Small-town living, for all its wonderful attributes, can leave the calendars of youth a little lacking in social life, extracurricular activities and opportunities. But in New Denver, the historic and picturesque community of 600 on the east shore of Slocan Lake, youth turn to the Outlet Youth Centre to help fill this gap.

Since opening in May 2012, the Outlet has become an integral part of the youth experience in New Denver and outlying communities like Hills and Silverton. Art classes, ski trips, first-aid courses and a popular Tuesday night supper club are just a few of the activities offered at the Outlet. It’s also an important meeting place—a social hub where youth can hang out in a safe and comfortable environment.

“It has a real family feel, and it has brought youth in our community a lot closer together,” says 17-year-old Claire Yaremchuk, who previously served on the Outlet’s Board of Directors. “It’s also a way for us to meet other youth who are visiting and camping around New Denver in the summer.”

Located at street level in a heritage building that once housed a café, the Outlet has a casual and welcoming atmosphere, with couches and a bank of computers in the main area. The walls, painted in purple and blue waves, feature youth artwork, including a creative take on a Jackson Pollock painting. In the back room there’s a fully stocked kitchen, and on warm days young people can hang out in a backyard patio area with lawn chairs and a swinging seat.

Banishing boredom, and more

The Outlet is one of many positive examples of how Columbia Basin Trust is helping communities increase local activities, opportunities and services for youth aged 12 to 19. In 2011, during the Trust’s last round of youth strategic planning consultations, Basin residents listed some common concerns, including youth boredom, a lack of activities and opportunities, inconsistent funding to support youth services or spaces and the need for a safe space, or hub. Consequently, in 2012 the Trust launched Community-Directed Youth Funds, a four-year initiative intended to address issues like these.

Since the plan’s inception, 19 participating communities—from Valemount on the Yellowhead Highway to Rossland near the U.S. border—have taken a grassroots approach in deciding how to set up the program locally and how to put into action a four-year total of $100,000 each in funding. With the support of the Trust and adult community members, youth played a key role in the process, including by identifying issues, prioritizing ideas, brainstorming solutions and hiring coordinators.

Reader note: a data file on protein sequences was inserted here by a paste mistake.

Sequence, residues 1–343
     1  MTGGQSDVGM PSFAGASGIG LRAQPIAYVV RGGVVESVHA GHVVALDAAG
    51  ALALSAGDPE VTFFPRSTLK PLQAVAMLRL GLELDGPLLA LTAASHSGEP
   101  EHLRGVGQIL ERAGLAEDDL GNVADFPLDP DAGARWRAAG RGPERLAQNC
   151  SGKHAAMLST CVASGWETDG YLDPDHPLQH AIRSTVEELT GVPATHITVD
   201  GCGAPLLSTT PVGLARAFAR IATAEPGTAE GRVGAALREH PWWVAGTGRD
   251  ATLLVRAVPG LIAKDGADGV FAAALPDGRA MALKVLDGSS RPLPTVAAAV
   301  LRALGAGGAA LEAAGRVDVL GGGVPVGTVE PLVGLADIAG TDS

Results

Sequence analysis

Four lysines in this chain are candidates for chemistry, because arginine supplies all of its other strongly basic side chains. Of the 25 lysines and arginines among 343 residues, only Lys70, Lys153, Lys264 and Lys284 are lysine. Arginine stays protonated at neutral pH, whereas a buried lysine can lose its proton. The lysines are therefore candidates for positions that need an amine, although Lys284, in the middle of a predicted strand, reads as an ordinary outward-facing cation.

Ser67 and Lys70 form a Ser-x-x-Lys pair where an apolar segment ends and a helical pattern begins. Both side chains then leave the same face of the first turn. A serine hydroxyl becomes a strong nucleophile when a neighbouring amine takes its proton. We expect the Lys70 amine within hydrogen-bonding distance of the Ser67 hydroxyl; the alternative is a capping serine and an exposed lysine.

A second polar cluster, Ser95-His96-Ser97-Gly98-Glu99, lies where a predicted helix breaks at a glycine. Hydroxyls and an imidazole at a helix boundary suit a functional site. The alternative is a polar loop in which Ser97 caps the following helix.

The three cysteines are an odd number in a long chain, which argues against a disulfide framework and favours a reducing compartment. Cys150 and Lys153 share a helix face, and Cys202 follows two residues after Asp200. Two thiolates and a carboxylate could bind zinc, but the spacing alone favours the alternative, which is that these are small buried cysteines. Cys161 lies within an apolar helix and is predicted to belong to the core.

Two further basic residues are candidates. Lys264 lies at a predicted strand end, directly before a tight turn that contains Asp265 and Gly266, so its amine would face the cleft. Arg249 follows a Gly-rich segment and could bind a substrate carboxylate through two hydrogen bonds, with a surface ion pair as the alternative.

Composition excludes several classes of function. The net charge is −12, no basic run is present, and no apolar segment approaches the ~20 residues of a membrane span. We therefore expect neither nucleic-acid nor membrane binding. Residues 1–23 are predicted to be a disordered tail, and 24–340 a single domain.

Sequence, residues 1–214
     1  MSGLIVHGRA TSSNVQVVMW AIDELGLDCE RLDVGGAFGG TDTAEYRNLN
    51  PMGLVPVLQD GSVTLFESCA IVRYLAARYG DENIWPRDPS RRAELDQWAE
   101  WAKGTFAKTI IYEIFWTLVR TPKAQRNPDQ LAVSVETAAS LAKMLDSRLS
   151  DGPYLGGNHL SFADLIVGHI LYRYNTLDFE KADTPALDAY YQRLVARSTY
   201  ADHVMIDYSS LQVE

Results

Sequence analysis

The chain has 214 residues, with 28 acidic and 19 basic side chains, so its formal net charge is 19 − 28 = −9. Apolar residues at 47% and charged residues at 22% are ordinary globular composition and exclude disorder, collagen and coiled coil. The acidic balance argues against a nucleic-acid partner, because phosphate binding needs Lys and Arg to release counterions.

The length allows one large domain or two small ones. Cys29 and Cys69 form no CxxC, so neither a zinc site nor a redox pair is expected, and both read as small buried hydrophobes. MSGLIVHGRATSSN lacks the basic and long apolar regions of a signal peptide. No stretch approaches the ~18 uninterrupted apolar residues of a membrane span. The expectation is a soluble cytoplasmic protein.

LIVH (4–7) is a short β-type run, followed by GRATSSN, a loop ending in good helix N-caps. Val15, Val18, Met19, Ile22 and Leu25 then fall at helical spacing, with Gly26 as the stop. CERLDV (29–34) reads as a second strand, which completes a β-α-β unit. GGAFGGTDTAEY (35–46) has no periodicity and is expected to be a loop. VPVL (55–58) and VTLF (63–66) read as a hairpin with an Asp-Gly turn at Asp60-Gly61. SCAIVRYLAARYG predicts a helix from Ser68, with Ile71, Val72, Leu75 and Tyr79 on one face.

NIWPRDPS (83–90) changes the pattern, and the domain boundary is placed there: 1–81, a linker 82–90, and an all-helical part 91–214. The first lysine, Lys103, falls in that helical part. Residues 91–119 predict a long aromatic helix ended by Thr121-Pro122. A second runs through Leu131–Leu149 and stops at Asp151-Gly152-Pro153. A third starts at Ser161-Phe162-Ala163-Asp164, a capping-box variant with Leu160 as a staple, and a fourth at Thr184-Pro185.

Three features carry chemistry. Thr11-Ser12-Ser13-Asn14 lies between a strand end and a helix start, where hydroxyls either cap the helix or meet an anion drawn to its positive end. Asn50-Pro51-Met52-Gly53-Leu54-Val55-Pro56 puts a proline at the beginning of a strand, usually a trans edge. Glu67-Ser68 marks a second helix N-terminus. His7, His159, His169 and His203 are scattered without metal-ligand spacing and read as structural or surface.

“The Columbia Basin Trust funding has been essential to our being able to provide youth with a centre of their own, which has become more than just a space,” says Outlet co-ordinator Paula Shandro.

“They take ownership and responsibility for the centre and for themselves.”

“I believe they feel valued by the community in that the centre receives widespread community support, and the kids have a place to go that is neutral and is their own.”

A customizable approach

When the Trust first reached out to Basin communities to gather information on youth issues and concerns, the Village of Fruitvale had already identified youth engagement as a priority goal. After Trust funding was secured in 2012, Fruitvale community leaders worked with their counterparts in nearby communities like Montrose to form what is now called the Beaver Valley Youth Club. Instead of a one-size-fits-all approach, each area or region decides how best to use the funding to meet the unique needs of its youth. That’s the key to the program’s success, says Tammy Gallamore, who took over as co-ordinator of the Beaver Valley club in 2014.

Although the club started with, and continues to focus on, volunteerism and fun social events, its initial formal structure struggled to hit the mark with participating youth. But the club still served an important role and organizers were determined to work through the growing pains. The club shifted focus and put youth in the driver’s seat in a more open and casual environment, allowing them to take an active part in planning and making programming decisions.

“When I first met with the kids after taking over, we brainstormed.”

I didn’t want to lead; I wanted to facilitate and allow the kids to lead,” says Gallamore.

The club is now a big hit—a Friday night focal point that fills a blank spot for many youth in the Beaver Valley region. These days, an average of 30 youth meet every Friday evening between 6:30 and 9 p.m. in the basement of the Fruitvale Memorial Hall. The club offers youth a mix of experience and opportunities while also striving to attract and offer more to male youth. A volunteer component helps foster civic responsibility among youth through helping out at events like Canada Day celebrations. Meanwhile, social and sporting events, such as games and movie nights, and skating and bowling outings, give youth the chance to engage with one another in a fun, safe environment.

Leadership development is also an important aspect of the club. In 2015, the club began offering Today’s Teens, Tomorrow’s Leaders, a popular program developed in the United States that helps build youth confidence.

“I graduated from the leadership course in July. It really helped me to overcome some shyness and get comfortable speaking in front of groups,” says 15-year-old Kyleen Mcmillan, one of 20 Beaver Valley youth to complete the program.

Looking forward

With up to four years of the program behind them, the participating Basin communities have built strong foundations for youth culture and meaningful youth engagement. Engaged and happy youth are key to healthy communities in the Basin, and the Trust will continue to reach out to support community efforts to ensure youth are supported and proud to live in this region.